The first time I went into Nina Clare’s kitchen a drawing near her back door surprised me because I recognized it. It was a drawing of a stylized cat on a piece of slate.
The drawing of the cat looks like one that a child of seven or eight might draw. The cat has only two legs depicted by circles at the front. The tail is thick and curved. The face with a smile looks human—no upside down triangle to make a cat’s nose, though triangular ears, and straight-line whiskers are used. Over the years, I’ve seen many children’s renditions of cats and had only seen this style cat one place—in chalk on the garage across from our house in Heidelberg, Germany during my high school years.
“Where did you get that cat?” I asked Nina Clare.
“It was a gift. It’s the hobo sign for a good-hearted woman,” she said.
During my years in Germany at least twice a week a vagabond type of man, looking like he had stepped out of the 1930’s, knocked on our front door asking for a plate of food in exchange for some chore, such as sweeping the walkways, weeding a flower bed, or trimming the hedge. My mother always put together a plate of food, and a little more. How times have changed. Most of us wouldn’t open our doors to a stranger much less give them a plate of food.
Perhaps it is harder to identify a good-hearted woman in today’s world, but good-hearted women are all around us even if we don’t have cat drawings to help us recognize them.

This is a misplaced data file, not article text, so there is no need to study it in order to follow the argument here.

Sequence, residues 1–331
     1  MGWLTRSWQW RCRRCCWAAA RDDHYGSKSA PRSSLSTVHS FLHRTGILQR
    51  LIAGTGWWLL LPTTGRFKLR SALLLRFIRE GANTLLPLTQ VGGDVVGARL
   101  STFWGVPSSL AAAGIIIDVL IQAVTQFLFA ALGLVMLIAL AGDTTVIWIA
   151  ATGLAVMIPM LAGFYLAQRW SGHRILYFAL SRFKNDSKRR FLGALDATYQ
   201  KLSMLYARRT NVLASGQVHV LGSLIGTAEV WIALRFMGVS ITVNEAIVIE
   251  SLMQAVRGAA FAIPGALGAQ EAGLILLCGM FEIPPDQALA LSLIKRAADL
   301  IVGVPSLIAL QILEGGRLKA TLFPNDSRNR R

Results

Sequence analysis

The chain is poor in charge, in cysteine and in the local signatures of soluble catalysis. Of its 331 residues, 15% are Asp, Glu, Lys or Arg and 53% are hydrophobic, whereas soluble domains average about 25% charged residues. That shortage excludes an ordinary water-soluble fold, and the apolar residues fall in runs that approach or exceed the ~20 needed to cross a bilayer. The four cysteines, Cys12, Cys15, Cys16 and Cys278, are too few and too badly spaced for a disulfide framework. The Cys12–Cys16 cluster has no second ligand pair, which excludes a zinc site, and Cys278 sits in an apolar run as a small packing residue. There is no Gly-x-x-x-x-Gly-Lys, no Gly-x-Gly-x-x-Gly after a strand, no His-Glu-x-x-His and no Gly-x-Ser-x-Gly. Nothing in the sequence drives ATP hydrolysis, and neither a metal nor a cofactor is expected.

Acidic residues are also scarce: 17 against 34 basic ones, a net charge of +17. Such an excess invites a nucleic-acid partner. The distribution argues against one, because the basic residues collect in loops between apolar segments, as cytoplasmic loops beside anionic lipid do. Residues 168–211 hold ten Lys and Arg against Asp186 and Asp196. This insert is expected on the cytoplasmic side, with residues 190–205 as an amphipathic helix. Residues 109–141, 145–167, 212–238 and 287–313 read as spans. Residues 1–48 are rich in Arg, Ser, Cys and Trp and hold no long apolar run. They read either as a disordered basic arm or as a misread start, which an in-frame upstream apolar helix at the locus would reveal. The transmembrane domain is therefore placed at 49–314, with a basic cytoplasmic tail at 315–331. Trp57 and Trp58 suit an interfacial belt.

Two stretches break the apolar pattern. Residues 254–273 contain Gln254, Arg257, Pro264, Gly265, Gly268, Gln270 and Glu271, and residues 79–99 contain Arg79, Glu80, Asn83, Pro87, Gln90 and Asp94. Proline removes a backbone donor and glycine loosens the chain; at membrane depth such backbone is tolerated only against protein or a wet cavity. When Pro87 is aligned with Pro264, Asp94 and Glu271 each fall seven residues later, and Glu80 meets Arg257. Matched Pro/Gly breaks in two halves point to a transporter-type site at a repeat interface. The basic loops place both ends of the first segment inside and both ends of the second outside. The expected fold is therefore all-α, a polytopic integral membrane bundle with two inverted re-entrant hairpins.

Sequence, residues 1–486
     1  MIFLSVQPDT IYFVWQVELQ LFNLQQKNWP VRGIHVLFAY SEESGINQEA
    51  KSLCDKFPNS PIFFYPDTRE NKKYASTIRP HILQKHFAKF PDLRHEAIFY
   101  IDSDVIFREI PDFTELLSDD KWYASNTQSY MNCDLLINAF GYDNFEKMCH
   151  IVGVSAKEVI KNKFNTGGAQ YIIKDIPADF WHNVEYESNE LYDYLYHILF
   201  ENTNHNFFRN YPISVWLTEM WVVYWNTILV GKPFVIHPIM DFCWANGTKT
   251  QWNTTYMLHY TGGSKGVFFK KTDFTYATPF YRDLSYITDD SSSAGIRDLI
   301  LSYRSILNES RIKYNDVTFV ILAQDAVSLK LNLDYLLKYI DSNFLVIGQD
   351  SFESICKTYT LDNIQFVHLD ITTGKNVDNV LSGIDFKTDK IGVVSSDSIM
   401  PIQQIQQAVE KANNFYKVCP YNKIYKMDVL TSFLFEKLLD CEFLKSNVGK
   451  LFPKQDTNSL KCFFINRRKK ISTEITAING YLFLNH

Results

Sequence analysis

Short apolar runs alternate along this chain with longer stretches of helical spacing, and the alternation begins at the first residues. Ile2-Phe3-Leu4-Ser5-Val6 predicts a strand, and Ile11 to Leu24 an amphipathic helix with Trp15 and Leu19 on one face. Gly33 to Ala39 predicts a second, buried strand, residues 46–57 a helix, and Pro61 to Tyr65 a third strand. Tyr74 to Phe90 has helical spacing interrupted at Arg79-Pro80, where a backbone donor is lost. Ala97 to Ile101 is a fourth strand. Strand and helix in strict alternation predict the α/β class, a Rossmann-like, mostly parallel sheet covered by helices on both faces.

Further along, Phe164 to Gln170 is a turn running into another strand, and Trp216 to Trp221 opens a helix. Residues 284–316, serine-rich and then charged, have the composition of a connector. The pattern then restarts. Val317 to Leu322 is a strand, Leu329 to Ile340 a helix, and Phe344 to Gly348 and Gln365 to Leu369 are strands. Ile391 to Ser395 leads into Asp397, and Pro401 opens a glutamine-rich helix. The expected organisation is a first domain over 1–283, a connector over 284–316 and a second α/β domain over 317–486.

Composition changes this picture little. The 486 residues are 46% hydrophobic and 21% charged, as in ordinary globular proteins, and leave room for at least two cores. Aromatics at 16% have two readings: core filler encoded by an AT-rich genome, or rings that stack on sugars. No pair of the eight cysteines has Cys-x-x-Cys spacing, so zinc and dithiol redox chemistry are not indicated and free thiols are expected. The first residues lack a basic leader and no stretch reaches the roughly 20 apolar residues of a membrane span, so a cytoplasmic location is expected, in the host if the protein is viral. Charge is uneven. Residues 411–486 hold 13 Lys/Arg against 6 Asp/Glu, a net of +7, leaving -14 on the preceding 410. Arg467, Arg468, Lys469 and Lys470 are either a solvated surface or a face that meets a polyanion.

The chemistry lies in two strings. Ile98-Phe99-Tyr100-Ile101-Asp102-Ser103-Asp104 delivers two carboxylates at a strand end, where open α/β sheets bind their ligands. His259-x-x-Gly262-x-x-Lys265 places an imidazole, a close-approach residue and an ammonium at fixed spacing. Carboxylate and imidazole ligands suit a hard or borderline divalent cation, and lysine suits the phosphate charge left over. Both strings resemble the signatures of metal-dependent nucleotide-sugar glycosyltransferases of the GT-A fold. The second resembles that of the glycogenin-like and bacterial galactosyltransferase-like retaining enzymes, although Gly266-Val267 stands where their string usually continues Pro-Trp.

Good-hearted women come in all types of guises. It’s easy to pick out ones who are cheerful and pretty. We can see their acts of caring, honesty, trust, compassion and healing without much prompting.
For others, we must look more closely. The eighty-year old woman who seems sour on life but funds a college scholarship. The relative who seems to pry into our personal life and make unbecoming remarks, but always remembers to send us a birthday card. The neighbor who is there with a casserole when someone is sick in the house. The co-worker who always has time to listen.
Good-hearted women in different disguises guide us and protect us to adulthood and beyond. Women who are caring, honest, trusting, compassionate and healing are the mothers of the world, whether they’ve given birth or not.
This week show your appreciation for a good-hearted woman. She may be a mom, aunt, sister, friend, coworker, neighbor, store clerk, boss, or a complete stranger.
Take a closer look at the women in your life. You should find signs, as obvious as a hobo’s drawing, of good-hearted women everywhere.
Here’s to all the good-hearted women of the world.